The disruption of marine ecosystems caused by depleting stocks of wild fish also impairs their ability to act as carbon sinks, according to the report. Fish live in a complex ecosystem with many different parts relying on each for overall system health. Removing them from these ecosystems has subsequent consequences for the system, including its ability to store carbon.

There is still not enough research to understand the complex ways in which marine habitats and ecosystems draw carbon out of the atmosphere and hydrosphere, store it, and how this storage is affected by changes to the marine environment. Because of this, the report calls for more research into blue carbon.

Reducing Greenhouse Gas Emissions in UK Fishing

To reduce greenhouse gas emissions by the UK fishing industry, the report calls for an end to government fuel subsidies for fishing vessels. Fisheries use “red diesel,” fuel that is not taxed as highly as regular fuel for commercial and consumer use. It is dyed red to help authorities check if it has been used illegally.

Removing this subsidy would encourage fishing to operate on a more energy-efficient basis, avoiding wasteful practices and working harder to minimize fossil-fuel consumption.

By preventing fisheries from using red diesel, the report says the UK government will drive innovation and enable decarbonization in the sector. It suggests fishing operations will move away from energy-intensive methods such as bottom-towed dredging and trawling – methods that also pose risks to marine habitats and blue carbon.

fishing boat, trawling

Image Credit: Split Second Stock.Shutterstock.com

Electric and hybrid vessels would also become more commonplace. As well as reducing greenhouse gas emissions, using these vehicles also reduces noise pollution in marine environments.

Alternative fuels such as hydrogen would also see a revived interest in fuel subsidies were taken away from the fishing industry. Scotland is a good place to pitch investment and interest in hydrogen, as the Orkney islands off the country’s north coast have been recognized as a world leader in hydrogen production.

The report also touches on marketing and ecotourism opportunities for low-emissions or net-zero emissions fishing operations.

What are the Report’s Key Recommendations?

As well as cutting fuel subsidies for fishing vessels by taking away their ability to use red diesel, the report provides several clear regulatory recommendations to reduce the environmental harms caused by fishing in the UK.

It says that bottom-towed fishing gear should be banned from protected waters, which make up over a third of waters in the UK. Limiting towing gear in important sites that are not yet officially recognized is also recommended.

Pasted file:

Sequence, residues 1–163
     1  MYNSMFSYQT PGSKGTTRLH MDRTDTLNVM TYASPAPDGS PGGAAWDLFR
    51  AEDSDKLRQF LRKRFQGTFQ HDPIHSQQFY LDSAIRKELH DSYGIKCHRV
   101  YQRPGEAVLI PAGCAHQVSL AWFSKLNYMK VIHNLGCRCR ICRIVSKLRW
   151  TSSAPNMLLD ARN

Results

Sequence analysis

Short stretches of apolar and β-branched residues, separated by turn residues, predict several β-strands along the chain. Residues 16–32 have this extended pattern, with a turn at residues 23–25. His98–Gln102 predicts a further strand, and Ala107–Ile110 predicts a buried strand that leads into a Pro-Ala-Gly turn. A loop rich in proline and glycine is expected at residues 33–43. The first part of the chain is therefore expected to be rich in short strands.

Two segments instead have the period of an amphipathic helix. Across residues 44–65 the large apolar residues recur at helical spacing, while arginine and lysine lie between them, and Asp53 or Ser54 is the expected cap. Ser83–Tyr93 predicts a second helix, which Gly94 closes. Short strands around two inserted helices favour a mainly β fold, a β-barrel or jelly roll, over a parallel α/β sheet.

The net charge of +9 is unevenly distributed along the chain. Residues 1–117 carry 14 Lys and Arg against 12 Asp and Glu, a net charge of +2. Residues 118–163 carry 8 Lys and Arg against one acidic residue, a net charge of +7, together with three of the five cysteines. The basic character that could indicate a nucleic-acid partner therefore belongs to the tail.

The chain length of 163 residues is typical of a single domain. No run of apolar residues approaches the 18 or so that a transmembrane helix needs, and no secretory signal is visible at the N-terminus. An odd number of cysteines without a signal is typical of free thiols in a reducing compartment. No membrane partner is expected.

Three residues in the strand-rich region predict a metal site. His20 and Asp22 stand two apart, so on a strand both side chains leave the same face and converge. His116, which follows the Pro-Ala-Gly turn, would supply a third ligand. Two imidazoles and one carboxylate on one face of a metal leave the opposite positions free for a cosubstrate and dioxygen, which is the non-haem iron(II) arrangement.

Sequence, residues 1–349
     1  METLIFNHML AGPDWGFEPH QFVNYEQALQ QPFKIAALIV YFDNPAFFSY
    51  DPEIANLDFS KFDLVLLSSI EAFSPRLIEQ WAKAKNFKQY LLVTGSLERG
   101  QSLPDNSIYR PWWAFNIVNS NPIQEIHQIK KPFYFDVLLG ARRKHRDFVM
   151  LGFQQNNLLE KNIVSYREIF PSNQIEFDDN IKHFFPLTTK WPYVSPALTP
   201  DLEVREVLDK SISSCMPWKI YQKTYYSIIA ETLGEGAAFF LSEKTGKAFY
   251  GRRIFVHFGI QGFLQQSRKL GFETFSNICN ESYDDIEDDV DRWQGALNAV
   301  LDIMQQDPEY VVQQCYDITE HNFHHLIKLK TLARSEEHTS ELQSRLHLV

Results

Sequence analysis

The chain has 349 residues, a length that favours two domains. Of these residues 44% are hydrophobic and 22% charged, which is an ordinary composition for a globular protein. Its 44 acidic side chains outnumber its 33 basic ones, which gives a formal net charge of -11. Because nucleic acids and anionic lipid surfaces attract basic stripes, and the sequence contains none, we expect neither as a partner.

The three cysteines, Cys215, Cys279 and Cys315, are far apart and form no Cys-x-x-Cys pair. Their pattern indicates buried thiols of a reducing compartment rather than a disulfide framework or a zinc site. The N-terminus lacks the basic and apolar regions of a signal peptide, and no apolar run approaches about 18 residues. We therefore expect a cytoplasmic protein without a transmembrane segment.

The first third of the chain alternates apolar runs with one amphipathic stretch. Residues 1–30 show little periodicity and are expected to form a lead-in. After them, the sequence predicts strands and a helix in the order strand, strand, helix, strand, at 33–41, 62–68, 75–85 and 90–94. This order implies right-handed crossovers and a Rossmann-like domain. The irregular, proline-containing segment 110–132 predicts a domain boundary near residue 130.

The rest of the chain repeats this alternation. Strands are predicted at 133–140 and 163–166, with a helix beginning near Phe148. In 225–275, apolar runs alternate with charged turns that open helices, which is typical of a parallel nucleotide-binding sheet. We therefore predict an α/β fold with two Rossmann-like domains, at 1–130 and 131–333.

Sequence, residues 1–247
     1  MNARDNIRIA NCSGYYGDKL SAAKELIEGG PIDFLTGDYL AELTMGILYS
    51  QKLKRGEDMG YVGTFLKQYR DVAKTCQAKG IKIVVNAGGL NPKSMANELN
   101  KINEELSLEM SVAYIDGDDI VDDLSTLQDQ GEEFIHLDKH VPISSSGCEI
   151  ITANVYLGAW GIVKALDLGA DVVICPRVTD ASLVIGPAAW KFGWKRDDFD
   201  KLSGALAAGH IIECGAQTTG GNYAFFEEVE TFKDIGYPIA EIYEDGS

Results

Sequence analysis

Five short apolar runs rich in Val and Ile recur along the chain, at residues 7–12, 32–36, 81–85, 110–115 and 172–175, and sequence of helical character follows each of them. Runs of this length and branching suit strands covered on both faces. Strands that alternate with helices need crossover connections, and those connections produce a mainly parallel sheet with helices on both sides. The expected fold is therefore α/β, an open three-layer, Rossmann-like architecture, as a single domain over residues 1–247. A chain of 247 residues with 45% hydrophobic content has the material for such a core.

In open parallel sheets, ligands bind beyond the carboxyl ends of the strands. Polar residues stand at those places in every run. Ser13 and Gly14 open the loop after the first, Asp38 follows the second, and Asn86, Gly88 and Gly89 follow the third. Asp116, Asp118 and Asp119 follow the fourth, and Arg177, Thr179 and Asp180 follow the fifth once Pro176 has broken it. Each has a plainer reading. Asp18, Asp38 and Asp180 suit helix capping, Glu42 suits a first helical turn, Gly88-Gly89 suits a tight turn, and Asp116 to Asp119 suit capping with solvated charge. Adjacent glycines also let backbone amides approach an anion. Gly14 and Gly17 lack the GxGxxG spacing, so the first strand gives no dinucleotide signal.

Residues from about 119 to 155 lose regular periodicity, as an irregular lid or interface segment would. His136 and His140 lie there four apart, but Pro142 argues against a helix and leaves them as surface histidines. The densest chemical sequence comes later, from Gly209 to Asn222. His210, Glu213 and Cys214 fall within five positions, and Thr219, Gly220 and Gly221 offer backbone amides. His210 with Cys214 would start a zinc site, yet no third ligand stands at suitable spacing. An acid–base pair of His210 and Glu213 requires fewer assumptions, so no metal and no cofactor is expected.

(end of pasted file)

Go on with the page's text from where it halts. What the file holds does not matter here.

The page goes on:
Governments should also make remote electronic monitoring cameras and GPS technology mandatory on all fishing vessels to drive transparency in the industry.

The report claims that the first UK fish stock audit since Brexit, published in early 2021, showed that only three of the UK’s top ten fish populations were being fished at or below the maximum sustainable yield.

Demersal (whitefish) fish stocks have regained health in recent years, although this is a result of strict regulation and the imposition of quotas. The total decrease in recent fish landings in the UK is thought to be attributed to UK fisheries catching fewer pelagic (oily) fish species as a result of increased regulation.

The fishing industry responds to this report calling for more regulation by citing the success of previous regulations in terms of environmental harm reduction.

References and Further Reading

“Comment: Greens Open New Front In Attacks On Industry.” (2021.) Fishing News. [Online] https://nifca.gov.uk/.

Keane, K. (2021). “Scotland's Fishing Fleet Urged to Take Steps to Go Green.” BBC Scotland. [Online] https://www.bbc.co.uk/news/uk-scotland-58246143.

Marine Management Organisation and Office of National Statistics. “UK Sea Fisheries Statistics 2019.” Gov.uk. [Online] https://assets.publishing.service.gov.uk.

MCSUK and Rewilding Britain (2020). “Blue Carbon: Ocean-Based Solutions to Fight the Climate Crisis.” MCSUK. [Online] https://media.mcsuk.org/documents/BlueCarbon_Report.pdf.

MCSUK, WWF, and RSPB (2021). “Shifting Gears: Achieving Climate-Smart Fisheries.” MCSUK. [Online] https://media.mcsuk.org/documents/Climate_Smart_Fishing_Report_FINAL.pdf

McVeigh, K. (2021). “Seaspiracy: Netflix Documentary Accused of Misrepresentation by Participants.” Guardian. [Online] https://www.theguardian.com/environment/2021/mar/31/seaspiracy-netflix-documentary-accused-of-misrepresentation-by-participants.

“NGOs Call for More Cuts In Fishing to Save Climate.” (2021.) Fishing News. [Online] https://nifca.gov.uk/.

Riglen, V. (2021). “Climate Smart Fisheries: Our New Report.” MCSUK. [Online] https://www.mcsuk.org/news/getting-climate-smart-our-new-fishery-report/.

WWF (2021). “Shifting Gears: Achieving Climate-Smart Fisheries.” WWF. [Online] https://www.wwf.org.uk/achieving-climate-smart-fisheries.

Disclaimer: The views expressed here are those of the author expressed in their private capacity and do not necessarily represent the views of AZoM.com Limited T/A AZoNetwork the owner and operator of this website. This disclaimer forms part of the Terms and conditions of use of this website.

Ben Pilkington

Written by

Ben Pilkington

Ben Pilkington is a freelance writer who is interested in society and technology. He enjoys learning how the latest scientific developments can affect us and imagining what will be possible in the future. Since completing graduate studies at Oxford University in 2016, Ben has reported on developments in computer software, the UK technology industry, digital rights and privacy, industrial automation, IoT, AI, additive manufacturing, sustainability, and clean technology.